“He is twenty minutes into his sermon, and he has not yet mentioned one Bible verse.” That was my comment one Sunday morning, right after our move to Oklahoma. Valerie and I were church shopping, looking for a church that would be a good fit for us. Someone had recommended a church, and before we went, I decided to go to the church website and listen to the pastor preach. For the twenty minutes that I listened, the preacher was engaging and funny. He just wasn’t biblical. We never attended that church. The church we landed at has a Gen X pastor who preaches long expository sermons to a packed house of young Millennials and Gen Xers.
As I committed to writing a series on preaching on stewardship, I started thinking about how the Internet and Covid have impacted preaching today. What should preaching look like in the 21st century? I thought I’d take a stab at that with this Coach titled The 21st Century Sermon.
Is preaching in danger of becoming a lost art? I believe in many ways it is. Here are a few observations I feel have led to the decline in biblical preaching.
- We have made our worship services outreach events focused on “guests” rather than using them to disciple members to carry the Gospel message to their neighborhoods and workplaces.
- The desire for cultural relevancy is destroying biblical preaching, which has and will continue to produce shallow followers and a weak Church. When difficulty arises, shallow followers are the first to leave.
- We have become more style-focused than substance-focused.
- The tyranny of the urgent is limiting the time pastors spend toiling and praying over their sermons.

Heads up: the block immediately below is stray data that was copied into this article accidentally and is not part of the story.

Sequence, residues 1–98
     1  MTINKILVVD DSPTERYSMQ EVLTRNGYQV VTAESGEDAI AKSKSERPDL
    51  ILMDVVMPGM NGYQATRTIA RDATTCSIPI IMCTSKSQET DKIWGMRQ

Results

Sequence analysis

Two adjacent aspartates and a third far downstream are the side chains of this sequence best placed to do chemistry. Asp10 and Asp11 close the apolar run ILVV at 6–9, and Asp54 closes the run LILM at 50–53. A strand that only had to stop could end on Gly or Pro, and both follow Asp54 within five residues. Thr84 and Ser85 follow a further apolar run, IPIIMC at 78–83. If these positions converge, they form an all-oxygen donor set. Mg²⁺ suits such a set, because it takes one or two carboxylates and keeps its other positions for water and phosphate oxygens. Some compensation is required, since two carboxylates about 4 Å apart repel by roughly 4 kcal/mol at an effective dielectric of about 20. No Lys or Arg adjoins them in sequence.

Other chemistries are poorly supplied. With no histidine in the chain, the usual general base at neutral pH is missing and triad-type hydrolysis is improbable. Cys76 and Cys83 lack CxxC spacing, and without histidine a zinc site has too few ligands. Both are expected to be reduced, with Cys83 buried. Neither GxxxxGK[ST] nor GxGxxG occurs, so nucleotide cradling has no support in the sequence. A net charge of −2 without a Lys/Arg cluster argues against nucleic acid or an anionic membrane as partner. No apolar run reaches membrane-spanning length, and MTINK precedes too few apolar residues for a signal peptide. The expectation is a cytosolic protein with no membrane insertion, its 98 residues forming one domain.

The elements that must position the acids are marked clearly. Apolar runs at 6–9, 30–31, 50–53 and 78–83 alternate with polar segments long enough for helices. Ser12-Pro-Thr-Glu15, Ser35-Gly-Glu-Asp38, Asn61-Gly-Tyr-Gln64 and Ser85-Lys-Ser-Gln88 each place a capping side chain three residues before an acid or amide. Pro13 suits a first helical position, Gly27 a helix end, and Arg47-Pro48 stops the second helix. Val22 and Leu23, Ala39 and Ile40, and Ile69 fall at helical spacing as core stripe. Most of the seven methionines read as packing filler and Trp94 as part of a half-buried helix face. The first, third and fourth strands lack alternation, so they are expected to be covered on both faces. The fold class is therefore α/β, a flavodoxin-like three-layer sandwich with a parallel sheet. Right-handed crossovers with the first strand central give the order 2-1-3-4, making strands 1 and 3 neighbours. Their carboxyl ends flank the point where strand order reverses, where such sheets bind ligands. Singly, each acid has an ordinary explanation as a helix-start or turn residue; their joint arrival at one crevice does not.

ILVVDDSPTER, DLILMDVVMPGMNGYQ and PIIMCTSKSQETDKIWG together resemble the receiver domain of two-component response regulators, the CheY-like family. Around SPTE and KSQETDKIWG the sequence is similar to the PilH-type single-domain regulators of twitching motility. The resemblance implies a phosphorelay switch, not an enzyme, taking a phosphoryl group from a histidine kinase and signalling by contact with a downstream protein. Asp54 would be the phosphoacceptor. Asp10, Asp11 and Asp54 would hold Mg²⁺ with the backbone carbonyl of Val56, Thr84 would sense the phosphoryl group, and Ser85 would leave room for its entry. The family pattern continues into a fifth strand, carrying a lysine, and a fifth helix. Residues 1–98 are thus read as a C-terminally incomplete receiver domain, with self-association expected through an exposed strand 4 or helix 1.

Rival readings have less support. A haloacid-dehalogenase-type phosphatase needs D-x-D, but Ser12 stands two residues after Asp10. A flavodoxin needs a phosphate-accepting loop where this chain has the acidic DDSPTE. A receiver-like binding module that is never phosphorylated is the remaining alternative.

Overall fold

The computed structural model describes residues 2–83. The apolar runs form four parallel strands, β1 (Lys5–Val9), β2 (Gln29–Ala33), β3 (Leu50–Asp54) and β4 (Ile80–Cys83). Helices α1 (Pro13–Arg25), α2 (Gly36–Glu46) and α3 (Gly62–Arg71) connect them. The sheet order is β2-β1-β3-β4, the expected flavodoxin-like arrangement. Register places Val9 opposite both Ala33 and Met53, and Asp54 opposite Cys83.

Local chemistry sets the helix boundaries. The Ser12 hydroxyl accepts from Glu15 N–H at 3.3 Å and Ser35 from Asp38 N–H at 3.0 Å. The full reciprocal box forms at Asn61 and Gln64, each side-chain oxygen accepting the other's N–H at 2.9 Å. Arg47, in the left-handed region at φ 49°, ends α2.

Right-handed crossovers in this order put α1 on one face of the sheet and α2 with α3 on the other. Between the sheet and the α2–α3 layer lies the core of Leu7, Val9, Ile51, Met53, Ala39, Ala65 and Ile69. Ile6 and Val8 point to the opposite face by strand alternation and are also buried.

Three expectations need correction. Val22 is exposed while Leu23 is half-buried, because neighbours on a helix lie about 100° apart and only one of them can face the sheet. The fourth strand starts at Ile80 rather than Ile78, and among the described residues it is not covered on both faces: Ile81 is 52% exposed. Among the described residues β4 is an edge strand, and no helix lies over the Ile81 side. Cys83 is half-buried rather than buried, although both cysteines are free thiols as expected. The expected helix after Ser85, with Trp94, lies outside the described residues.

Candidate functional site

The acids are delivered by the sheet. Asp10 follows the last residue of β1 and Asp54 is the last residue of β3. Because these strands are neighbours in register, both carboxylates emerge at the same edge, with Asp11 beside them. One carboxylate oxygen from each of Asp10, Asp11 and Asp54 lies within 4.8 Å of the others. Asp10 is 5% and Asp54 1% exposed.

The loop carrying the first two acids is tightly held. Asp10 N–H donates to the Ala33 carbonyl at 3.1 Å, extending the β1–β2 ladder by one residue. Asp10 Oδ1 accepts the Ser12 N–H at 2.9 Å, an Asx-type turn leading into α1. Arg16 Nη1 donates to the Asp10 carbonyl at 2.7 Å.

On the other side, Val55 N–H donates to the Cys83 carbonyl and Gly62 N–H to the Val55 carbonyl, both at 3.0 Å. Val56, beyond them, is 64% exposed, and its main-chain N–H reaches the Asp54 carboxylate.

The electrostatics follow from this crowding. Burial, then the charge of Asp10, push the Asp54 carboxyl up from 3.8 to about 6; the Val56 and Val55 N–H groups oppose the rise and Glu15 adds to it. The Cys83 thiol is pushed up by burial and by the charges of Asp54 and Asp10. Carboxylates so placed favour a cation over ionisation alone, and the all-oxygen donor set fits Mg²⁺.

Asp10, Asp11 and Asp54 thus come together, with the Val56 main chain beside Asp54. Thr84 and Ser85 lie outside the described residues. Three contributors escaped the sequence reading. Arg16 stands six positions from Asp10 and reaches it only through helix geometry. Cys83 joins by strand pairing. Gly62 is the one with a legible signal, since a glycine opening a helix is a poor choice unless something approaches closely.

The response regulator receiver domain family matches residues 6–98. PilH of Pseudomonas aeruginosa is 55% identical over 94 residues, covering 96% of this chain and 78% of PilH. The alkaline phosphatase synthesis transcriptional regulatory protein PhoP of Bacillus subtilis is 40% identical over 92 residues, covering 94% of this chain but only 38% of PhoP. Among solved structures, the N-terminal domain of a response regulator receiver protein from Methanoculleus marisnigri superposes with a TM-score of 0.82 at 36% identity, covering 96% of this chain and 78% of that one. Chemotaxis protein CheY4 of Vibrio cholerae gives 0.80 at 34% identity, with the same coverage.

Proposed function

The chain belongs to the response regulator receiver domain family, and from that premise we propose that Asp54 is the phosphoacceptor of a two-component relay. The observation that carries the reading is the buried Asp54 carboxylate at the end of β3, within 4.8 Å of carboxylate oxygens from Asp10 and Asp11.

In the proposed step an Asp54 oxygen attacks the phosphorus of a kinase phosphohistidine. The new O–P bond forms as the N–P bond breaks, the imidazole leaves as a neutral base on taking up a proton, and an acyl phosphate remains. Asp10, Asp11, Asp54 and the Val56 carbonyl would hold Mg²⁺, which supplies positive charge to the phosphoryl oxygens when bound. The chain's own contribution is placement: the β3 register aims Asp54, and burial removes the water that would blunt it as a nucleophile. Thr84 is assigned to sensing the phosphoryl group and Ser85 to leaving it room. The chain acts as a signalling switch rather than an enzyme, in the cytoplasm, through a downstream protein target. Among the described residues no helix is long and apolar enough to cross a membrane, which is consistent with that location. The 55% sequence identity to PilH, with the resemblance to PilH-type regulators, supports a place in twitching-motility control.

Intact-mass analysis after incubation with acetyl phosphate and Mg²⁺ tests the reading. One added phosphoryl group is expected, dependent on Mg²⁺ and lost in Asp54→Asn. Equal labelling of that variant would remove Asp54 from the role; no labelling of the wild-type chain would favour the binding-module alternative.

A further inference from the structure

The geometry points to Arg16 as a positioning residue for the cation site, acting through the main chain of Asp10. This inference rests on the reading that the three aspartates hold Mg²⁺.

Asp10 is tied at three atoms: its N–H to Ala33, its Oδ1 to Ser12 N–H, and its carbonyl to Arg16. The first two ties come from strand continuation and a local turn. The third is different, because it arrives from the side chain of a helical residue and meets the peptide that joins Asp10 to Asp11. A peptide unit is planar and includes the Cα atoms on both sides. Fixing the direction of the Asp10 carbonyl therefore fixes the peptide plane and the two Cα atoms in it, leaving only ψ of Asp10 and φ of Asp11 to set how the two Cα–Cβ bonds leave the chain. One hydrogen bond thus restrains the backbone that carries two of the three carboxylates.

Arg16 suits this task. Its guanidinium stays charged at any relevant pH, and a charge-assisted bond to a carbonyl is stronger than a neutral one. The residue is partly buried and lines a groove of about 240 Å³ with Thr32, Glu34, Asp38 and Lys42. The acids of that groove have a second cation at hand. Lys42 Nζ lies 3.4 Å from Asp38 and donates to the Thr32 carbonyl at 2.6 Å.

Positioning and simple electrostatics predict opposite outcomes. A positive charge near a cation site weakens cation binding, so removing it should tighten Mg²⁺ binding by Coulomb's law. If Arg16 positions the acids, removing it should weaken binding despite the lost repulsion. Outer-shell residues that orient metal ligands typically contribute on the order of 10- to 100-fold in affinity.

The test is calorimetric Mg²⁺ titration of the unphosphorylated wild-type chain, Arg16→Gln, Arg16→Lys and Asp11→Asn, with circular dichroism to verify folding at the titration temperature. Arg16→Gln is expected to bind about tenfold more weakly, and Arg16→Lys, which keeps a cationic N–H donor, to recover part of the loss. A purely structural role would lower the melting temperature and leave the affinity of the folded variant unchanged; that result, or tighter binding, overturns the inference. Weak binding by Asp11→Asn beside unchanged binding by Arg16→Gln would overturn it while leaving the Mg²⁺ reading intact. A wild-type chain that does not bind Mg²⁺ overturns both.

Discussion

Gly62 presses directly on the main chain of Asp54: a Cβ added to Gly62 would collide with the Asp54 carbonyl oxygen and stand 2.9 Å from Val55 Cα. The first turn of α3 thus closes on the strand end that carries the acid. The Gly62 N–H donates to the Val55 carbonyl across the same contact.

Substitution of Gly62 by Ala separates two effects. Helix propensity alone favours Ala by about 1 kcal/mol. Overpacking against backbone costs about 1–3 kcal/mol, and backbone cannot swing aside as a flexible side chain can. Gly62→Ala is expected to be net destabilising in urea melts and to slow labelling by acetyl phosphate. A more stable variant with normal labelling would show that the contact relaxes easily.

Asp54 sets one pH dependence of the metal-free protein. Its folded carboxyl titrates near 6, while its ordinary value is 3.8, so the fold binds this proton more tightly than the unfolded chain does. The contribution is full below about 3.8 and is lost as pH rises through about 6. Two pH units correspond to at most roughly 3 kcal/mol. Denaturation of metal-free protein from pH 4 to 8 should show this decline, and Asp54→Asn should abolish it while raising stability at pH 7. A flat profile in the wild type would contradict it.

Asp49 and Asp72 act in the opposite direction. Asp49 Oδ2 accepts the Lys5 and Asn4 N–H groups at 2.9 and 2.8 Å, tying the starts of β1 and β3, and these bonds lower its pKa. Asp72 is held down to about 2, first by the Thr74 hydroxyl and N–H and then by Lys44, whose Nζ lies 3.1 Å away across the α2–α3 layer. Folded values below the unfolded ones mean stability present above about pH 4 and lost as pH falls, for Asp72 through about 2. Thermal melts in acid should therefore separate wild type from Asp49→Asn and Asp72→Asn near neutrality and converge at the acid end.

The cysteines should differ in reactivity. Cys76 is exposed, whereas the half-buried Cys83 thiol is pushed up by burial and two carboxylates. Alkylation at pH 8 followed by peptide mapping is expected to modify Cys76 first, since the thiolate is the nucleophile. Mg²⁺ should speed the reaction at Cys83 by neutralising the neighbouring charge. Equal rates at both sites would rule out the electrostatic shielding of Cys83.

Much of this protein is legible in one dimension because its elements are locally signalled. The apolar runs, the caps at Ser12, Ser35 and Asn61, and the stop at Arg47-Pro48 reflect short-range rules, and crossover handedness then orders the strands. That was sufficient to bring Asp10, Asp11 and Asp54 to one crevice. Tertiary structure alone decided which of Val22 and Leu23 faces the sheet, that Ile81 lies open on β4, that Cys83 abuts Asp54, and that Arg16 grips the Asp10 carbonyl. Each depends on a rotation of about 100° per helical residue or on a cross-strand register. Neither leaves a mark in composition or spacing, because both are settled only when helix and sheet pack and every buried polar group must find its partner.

- As a result, far too many pastors find their sermons online rather than finding their sermons on their knees reading the text.
I’m sure there are other reasons behind the lost art of preaching, but these are some of the most egregious.
James Emery White recently wrote a post for Outreach Magazine entitled “The Danger of Confusing Tactics and Strategy in Leadership.” White used a military analogy to describe the difference by stating, “So strategy lies behind when and where (and even if) to use armed conflict in view of a wider objective; tactics dictate the battlefield maneuvers.” White wrote, “without an overarching strategy, you have no way of evaluating what you should be doing and, sometimes more importantly, what you should not be doing.” He illustrated this by sharing stories of how his church held huge special events, which are tactics, yet they were not meeting their strategy. They stopped the events. White explained by saying, “One of my mantras is that the mission, vision, values, and message of the church are timeless and unchanging; the methods, however, must be continuously evaluated in light of their ongoing effectiveness.”1.